Case number: OIC-129478-W6T8B5
22 February 2023
In a request dated 24 June 2022, the applicant sought access to copies of all records “of any nature (including handwritten notes and drafts, emails and letters received and issued submissions, memos, reports of meetings, internal communications and telephone conversations)” relating directly or indirectly to three complaints he made about developments near his property, as follows:
The applicant stated that he did not require any records of correspondence between him and the Council unless they contained additional handwritten notes or markings. He also indicated that he did not require copies of any records which are available on the Council’s website, once he was provided with details of their online location.
In a decision dated 12 August 2022, the Council stated that it had decided to grant his request. The decision maker stated that, as far as she could ascertain, the applicant was seeking access to records from three specific files relating to the matters concerned. The Council identified and released 18 records to the applicant in full, taken from the three files in question. On 16 August 2022, the applicant submitted an internal review request, as he was not satisfied that all relevant records had been provided. He queried the absence of additional records other than those contained in the files in question and provided details of the records he believed to have been omitted or which he considered to have been provided in an incomplete form.
On 16 September 2022, the Council varied its original decision. It identified five additional records, four of which it released in full. It refused access to the remaining record under section 15(1)(d) of the FOI Act, as the information was already in the public domain. The Council provided links to the relevant records on its website, as well as details of how the records could be inspected in its offices.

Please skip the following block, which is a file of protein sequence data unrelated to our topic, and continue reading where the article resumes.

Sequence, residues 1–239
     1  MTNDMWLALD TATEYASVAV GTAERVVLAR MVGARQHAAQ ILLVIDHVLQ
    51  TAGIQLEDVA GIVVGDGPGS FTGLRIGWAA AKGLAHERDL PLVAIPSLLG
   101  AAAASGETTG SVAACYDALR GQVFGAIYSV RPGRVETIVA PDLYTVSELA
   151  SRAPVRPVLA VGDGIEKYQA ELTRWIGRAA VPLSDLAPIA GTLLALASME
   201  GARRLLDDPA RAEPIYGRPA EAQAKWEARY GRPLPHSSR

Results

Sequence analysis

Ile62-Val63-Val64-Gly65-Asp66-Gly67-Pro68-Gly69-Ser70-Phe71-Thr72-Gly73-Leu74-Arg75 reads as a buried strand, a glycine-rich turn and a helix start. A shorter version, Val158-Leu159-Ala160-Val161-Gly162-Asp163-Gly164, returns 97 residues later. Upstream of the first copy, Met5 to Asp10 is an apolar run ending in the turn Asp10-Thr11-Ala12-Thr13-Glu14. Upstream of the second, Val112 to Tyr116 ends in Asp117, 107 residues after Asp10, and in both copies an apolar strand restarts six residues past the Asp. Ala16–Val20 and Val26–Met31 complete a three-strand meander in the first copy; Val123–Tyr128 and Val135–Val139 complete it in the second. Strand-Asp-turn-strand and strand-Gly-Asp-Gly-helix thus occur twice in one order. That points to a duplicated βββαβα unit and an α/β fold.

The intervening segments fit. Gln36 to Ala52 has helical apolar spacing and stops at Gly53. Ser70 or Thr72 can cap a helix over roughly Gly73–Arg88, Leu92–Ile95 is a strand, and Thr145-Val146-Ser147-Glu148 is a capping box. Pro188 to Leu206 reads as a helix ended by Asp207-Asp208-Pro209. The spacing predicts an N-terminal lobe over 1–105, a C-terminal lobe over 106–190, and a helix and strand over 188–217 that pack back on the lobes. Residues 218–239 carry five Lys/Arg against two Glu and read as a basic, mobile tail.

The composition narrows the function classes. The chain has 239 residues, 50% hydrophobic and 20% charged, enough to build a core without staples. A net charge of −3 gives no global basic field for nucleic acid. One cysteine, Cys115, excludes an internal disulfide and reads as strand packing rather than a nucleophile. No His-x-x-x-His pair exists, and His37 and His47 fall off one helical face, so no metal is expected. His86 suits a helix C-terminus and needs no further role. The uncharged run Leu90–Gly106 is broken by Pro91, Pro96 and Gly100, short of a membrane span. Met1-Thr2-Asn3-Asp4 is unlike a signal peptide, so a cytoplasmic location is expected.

On 4 October 2022, the applicant applied to this Office for a review of the Council’s decision. In his request to this Office, the applicant provided details of additional relevant records he believed should exist. This list was provided to the Council during this review. I note that the applicant did not refer to the Council’s reliance on section 15(1)(d) to refuse access to records in the public domain in his application to this Office.
During the course of this review, the Council located additional records relating to the applicant’s request, which it released to him on 22 December 2022 and 3 February 2023.
The Council also provided details of the searches undertaken in order to locate relevant records in this case to this Office during the review. The Investigating Officer provided these details to the applicant and invited him to comment. The applicant remained of the view that further records relating to his request are held by the Council, which have not been released to him.